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Abu Dhabi, UAETuesday 18 December 2018

Cutting Test matches to four days instead of five is a step in the wrong direction

South Africa take on Zimbabwe in a shortened Test, starting on Tuesday, and the loss of a day's play is risking the loss of some of the format's finer intricacies.

South Africa captain Faf du Plessis leads his side against Zimbabwe in a four-day Test match that starts on Tuesday. Lee Warren / Gallo Images / Getty Images
South Africa captain Faf du Plessis leads his side against Zimbabwe in a four-day Test match that starts on Tuesday. Lee Warren / Gallo Images / Getty Images

The success of Twenty20 cricket, since its introduction to the international calendar in 2004, has seemingly contributed to a gradual decline in the popularity of Test matches.

In its bid to make the five-day game more palatable to the modern-day fan, the International Cricket Council (ICC) started to think outside the box.

For starters, it approved the staging of day-night games.

It is also closer than ever to creating a championship around the format in order to provide context to the bilateral series of matches already being played between teams around the world.

Knowing there will be a consequence to their performances, players - not to mention their supporters - will likely be more invested in winning.

Aside from a few practical problems associated with holding a championship, both ideas are good.

But now there is a push to reduce the duration of Tests from five days to four. It is not a new idea, but it has gained traction lately.

In fact South Africa will host Zimbabwe in a four-day day-night Test starting on Tuesday.

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Zimbabwe coach Heath Streak has backed the idea, saying it would be good for the weaker teams. He pointed out that given there was less time to win - four days as opposed to five - stronger teams would be encouraged to force the initiative and, in the process, make mistakes.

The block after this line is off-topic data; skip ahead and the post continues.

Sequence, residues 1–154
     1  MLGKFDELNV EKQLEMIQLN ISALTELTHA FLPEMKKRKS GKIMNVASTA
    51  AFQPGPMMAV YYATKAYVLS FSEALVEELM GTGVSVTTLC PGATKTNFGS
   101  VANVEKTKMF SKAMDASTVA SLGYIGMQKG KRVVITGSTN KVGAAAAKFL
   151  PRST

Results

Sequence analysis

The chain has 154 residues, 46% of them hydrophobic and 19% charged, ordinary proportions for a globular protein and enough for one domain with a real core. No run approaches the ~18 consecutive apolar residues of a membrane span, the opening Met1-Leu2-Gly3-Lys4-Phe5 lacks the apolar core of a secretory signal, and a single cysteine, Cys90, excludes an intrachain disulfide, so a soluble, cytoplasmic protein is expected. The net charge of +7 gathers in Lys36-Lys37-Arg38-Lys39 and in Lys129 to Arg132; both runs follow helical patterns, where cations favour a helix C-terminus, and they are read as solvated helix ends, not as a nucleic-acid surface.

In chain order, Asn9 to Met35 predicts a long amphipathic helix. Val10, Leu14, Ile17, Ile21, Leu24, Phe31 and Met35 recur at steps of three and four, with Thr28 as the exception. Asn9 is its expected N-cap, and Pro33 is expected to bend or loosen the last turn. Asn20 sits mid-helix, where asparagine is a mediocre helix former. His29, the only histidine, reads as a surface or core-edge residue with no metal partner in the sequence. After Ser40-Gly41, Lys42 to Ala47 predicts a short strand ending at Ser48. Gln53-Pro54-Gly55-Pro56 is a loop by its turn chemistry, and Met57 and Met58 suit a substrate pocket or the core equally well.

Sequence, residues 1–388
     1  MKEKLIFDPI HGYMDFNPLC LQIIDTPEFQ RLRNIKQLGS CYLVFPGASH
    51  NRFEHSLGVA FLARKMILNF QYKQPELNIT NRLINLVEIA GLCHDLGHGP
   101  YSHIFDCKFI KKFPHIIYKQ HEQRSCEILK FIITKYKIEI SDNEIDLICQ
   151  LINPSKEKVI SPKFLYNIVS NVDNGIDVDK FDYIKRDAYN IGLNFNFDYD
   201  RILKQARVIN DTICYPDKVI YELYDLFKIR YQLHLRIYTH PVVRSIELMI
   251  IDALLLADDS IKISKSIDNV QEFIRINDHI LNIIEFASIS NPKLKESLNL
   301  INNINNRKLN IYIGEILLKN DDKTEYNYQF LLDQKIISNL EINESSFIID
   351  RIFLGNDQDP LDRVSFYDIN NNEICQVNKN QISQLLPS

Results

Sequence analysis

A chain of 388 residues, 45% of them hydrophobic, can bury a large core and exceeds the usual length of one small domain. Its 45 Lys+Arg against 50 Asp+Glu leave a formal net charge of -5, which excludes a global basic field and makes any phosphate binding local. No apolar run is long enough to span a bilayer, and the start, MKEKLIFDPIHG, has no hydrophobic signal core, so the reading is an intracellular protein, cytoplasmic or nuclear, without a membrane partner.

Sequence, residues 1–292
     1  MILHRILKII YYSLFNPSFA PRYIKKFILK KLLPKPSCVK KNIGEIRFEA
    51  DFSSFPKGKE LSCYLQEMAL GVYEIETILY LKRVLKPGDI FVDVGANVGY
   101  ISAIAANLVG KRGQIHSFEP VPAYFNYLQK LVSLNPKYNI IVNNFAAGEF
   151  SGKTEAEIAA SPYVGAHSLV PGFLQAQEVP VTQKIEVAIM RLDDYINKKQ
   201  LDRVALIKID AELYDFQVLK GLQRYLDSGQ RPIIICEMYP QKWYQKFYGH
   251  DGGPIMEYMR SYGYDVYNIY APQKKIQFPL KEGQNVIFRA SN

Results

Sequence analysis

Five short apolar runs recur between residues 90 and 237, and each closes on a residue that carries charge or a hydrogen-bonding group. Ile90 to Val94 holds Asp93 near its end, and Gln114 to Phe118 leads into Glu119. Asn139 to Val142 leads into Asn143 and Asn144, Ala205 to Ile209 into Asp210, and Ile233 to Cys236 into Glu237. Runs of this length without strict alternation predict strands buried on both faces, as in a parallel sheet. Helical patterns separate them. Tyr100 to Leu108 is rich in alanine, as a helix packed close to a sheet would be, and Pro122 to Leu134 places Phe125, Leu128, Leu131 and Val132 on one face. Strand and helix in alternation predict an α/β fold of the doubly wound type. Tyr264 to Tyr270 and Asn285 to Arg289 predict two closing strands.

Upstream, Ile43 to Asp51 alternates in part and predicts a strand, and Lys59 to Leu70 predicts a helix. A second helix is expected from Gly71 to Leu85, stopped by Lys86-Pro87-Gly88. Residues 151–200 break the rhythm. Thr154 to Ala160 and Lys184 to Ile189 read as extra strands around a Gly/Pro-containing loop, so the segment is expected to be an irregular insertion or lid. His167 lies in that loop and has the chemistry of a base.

This would then give openings for the weaker opposition to exploit, which would make the match more interesting.

Streak makes a fair point: it is one that is predicated on the argument that the lesser the time two opponents spar on the pitch, the likelier it is for the inferior opponent to win.

It is why Zimbabwe have beaten Australia in a T20 but never in a Test. It is why West Indies, right now one of the weaker Test teams, are two-time World Twenty20 champions.

For that matter, it is also why it is much harder for anybody - even a top-10 men's tennis player - to beat Roger Federer, Rafael Nadal and Novak Djokovic over five sets than it is across three.

The question, therefore, is whether we the spectators really want this. It feels like the quality of cricket is being be compromised for the sake of competitiveness.

If all the men's tennis matches - even those being played at the four majors - were turned into best-of-threes for the sake of competitiveness, would the likes of Andy Murray and Stan Wawrinka have challenged themselves even more to match Federer, Nadal and Djokovic?

Unlikely, because they would most probably have been content with their game as they were beating the 'Big Three' on a more regular basis anyway.

We would, perhaps, not be seeing the best in the business being pushed by the next-best to even greater heights as has happened in men's tennis over the past five years.

Shortening the duration of a Test also impacts its ebb and flow.

Given the right conditions for both batsmen and bowlers, and provided there is no foul weather, five days are just about enough for an interesting narrative to emerge.

A conventional pitch tends to throw up opportunities for seam bowlers to take wickets in the first session of the first day. Once it settles down, runs begin to flow over the next two, maybe three, days.

Following that, the wicket starts to gradually disintegrate, giving spin bowlers an opportunity to get in the act towards the end of the fourth day and almost the entire final day.

This makes for a riveting game, even if it were to end in a draw.

What is likely to happen once a match is played over four days is there will be fewer ebbs and flows, and the entire game will likely be played in fast-forward.

Also, spin may become less of a factor (although to be fair some day-night Tests had faced this problem, too).

Innovation is good. It is how the world ticks. And the ICC deserves credit for its stated desire to save Test cricket. But there is the risk of over-innovation killing the soul.

And reducing the duration of Test matches from five days to four would somewhat amount to eating into the soul of cricket's most traditional format.

There is no fun in that.